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    Providence St. Joseph workers to strike beginning Monday
    • October 19, 2023

    An estimated 700 healthcare workers at Providence St. Joseph Medical Center plan to launch a five-day strike Monday, Oct. 23, claiming severe understaffing and high turnover are impacting patient care.

    The lab techs, phlebotomists, patient transporters and others at the Burbank hospital are represented by SEIU-United Healthcare Workers West. They allege bad faith bargaining by hospital management and say St. Joseph has engaged in illegal tactics aimed at silencing workers.

    Their labor contract expired in August and their last bargaining session was Oct. 13 — the same day the union issued a 10-day strike notice.

    A nursing assistant who recently worked in the hospital’s understaffed telemetry unit said, “one patient was halfway down the hall before we could respond, and some patients will be soiled for way too long before we can get to them.” (Photo courtesy of SEIU-UHW)

    Christian Ayon, a lead surgical technician at St. Joseph, said employees are being intimidated and threatened for wanting to improve conditions at the hospital.

    “This used to be a premier hospital, but we are struggling to give the quality care our patients deserve as we watch staff leave and positions go unfilled,” Ayon said. “We fight not just for ourselves but for our patients that depend on us.”

    Employees picketed the 466-bed facility on August 22, citing the same issues.

    Replacement workers contracted

    In a statement issued Thursday, St. Joseph didn’t address staffing concerns. But management said the hospital is “well prepared” for the strike and has contracted replacement workers for members of the bargaining unit who choose to strike.

    “(We) firmly believes that strikes don’t settle contracts,” the statement said. “They delay them and keep our caregivers from getting the pay and benefits enhancements they deserve.”

    St. Joseph said the hospital’s bargaining team has proposed significant contract enhancements, including a 24% hike in wages over a three-year contract. But the union, management said, has offered “unrealistic counterproposals.”

    The two sides plan to return to the bargaining table after the strike ends.

    St. Joseph nursing assistant Alexis Schoffstall plans to participate in next week’s walkout. She said staffing shortages have left her overworked.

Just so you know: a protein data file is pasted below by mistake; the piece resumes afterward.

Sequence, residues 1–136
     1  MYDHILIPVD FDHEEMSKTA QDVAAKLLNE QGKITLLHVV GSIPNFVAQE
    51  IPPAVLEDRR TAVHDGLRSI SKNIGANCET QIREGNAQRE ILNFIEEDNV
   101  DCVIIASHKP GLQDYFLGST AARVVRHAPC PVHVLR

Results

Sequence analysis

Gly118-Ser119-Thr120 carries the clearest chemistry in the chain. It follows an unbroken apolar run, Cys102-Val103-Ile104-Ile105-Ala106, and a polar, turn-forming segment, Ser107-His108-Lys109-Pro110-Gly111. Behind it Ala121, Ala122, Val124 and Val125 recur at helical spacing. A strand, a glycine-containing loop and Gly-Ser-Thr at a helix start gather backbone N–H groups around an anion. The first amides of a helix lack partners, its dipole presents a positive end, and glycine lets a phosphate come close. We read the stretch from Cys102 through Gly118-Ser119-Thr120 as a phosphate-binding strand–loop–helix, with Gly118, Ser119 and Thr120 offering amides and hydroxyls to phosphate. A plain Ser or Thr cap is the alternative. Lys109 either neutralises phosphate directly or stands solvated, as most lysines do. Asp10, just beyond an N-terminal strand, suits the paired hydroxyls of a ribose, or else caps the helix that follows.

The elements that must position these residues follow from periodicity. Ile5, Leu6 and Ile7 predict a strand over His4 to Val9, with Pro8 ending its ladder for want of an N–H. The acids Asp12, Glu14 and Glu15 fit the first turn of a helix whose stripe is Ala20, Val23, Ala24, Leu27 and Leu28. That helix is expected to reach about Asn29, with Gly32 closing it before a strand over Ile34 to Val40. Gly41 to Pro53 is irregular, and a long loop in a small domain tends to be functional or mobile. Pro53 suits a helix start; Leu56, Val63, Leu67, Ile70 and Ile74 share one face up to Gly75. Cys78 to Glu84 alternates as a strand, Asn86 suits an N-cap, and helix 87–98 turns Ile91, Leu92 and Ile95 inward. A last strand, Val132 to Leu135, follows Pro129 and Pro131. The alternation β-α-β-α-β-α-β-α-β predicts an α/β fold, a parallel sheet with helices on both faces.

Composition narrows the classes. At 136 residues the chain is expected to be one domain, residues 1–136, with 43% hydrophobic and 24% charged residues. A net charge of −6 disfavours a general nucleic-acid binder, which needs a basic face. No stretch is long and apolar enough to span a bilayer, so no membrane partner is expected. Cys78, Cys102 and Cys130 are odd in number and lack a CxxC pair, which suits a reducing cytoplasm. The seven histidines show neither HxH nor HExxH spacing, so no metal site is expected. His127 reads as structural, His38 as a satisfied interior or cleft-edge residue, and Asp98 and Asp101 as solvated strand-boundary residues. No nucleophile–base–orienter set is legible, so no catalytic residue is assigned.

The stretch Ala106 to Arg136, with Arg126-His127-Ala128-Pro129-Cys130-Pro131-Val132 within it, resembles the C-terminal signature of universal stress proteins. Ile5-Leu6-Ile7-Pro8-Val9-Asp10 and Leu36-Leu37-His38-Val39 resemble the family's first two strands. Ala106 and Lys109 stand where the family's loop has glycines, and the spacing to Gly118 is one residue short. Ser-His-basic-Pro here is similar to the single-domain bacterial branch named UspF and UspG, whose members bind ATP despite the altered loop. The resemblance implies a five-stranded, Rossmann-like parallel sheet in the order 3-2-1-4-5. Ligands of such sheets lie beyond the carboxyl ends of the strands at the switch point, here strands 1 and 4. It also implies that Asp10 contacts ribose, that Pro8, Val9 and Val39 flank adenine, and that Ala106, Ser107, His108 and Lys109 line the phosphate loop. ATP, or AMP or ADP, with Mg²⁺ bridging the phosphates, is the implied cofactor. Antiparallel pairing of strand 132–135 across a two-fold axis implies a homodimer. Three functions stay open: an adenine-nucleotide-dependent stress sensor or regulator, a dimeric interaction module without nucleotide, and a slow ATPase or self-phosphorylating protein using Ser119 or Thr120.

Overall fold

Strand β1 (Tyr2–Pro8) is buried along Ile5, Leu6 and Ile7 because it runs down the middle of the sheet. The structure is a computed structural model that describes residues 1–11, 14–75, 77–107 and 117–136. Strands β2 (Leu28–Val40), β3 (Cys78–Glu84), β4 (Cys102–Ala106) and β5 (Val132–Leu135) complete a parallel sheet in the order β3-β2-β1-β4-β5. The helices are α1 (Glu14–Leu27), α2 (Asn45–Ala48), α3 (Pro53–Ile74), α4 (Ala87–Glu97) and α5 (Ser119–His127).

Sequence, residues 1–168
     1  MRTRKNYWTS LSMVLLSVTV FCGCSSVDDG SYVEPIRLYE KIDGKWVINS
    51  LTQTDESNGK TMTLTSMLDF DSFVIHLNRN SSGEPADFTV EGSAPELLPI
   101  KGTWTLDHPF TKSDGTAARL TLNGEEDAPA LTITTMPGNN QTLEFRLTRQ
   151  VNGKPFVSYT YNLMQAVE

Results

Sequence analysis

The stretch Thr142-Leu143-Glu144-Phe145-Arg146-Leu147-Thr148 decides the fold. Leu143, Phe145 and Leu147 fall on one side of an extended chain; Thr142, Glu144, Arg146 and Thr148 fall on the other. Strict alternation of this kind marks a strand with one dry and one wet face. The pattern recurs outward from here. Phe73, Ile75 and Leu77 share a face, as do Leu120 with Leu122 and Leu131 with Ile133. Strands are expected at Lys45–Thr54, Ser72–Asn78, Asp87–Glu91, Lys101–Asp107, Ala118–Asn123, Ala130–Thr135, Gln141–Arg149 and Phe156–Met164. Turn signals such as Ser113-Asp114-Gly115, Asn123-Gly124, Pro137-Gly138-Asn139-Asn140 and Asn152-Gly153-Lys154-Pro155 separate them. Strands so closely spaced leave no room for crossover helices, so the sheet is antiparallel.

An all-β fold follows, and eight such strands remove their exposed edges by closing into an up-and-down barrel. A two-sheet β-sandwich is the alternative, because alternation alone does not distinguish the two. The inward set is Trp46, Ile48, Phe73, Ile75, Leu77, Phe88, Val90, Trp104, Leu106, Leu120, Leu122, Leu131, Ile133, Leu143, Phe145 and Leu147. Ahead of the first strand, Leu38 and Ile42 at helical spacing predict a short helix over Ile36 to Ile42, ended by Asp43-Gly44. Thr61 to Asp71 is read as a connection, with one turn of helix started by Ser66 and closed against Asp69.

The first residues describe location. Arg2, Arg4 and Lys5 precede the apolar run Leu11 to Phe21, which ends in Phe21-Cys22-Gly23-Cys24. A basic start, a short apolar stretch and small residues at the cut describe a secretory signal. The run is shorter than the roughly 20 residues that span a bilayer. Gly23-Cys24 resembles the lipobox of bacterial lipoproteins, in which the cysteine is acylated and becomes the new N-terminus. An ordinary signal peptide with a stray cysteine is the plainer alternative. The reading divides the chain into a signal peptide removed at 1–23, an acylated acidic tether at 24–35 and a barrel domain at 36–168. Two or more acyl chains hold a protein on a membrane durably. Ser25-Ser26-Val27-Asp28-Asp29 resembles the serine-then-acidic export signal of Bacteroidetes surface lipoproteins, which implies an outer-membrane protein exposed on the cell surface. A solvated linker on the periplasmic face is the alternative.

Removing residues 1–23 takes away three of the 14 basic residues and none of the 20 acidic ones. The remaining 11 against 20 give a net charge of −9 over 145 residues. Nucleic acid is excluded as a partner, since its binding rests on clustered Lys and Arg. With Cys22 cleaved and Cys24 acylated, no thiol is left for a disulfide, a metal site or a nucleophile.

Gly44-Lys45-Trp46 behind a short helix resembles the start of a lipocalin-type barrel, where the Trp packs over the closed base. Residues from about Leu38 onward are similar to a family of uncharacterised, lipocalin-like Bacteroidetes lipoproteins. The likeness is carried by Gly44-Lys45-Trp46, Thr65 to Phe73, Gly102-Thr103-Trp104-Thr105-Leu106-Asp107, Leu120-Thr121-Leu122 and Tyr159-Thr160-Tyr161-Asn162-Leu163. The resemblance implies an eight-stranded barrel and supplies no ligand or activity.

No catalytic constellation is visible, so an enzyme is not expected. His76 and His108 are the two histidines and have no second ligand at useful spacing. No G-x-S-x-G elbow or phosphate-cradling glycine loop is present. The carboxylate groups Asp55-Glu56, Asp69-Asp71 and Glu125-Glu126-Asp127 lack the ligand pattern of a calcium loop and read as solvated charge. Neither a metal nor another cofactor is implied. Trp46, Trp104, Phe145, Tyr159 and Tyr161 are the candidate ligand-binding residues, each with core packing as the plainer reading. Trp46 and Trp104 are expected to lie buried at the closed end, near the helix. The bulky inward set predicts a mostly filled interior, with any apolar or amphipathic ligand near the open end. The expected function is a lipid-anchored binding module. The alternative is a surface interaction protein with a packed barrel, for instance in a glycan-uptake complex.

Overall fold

“Just yesterday I was floated to a telemetry unit where patients’ hearts are monitored,” the 36-year-old North Hollywood resident said. “I was the only nursing assistant on the unit with 22 patients. Normally, we should have two nursing assistants there, so I was doing the work of two people.”

    When that happens, patient care takes a hit, Schoffstall said.

    “There are bed alarms going off,” she said. “One patient was halfway down the hall before we could respond, and some patients will be soiled for way too long before we can get to them.”

    Widespread staffing concerns

    Southern California healthcare workers have staged a host of rallies, pickets and strikes in recents months, primarily over concerns of inadequate staffing, high turnover and low wages.

    Unions representing 75,000 Kaiser Permanente health care workers who recently held a three-day strike over wages and staffing shortages reached a tentative agreement with the healthcare giant last week.

    That walkout impacted Kaiser operations in California, Colorado, Oregon, Washington, Virginia and Washington, D.C.

    And an estimated 1,800 workers held a five-day strike earlier this month at four Prime Healthcare hospitals over chronic understaffing. The facilities included St. Francis Medical Center in Lynwood,  Centinela Hospital Medical Center in Inglewood, Garden Grove Hospital Medical Center and Encino Hospital Medical Center.

    At St. Francis, 600 registered represented by the United Nurses Associations of California/Union of Health Care Professionals also joined in for their own week-long strike.

    Healthcare workers at Prime Centinela Hospital Medical Center in Inglewood held a noon protest in August, claiming short-staffing has left them overworked and undermined patient care.

    ​ Orange County Register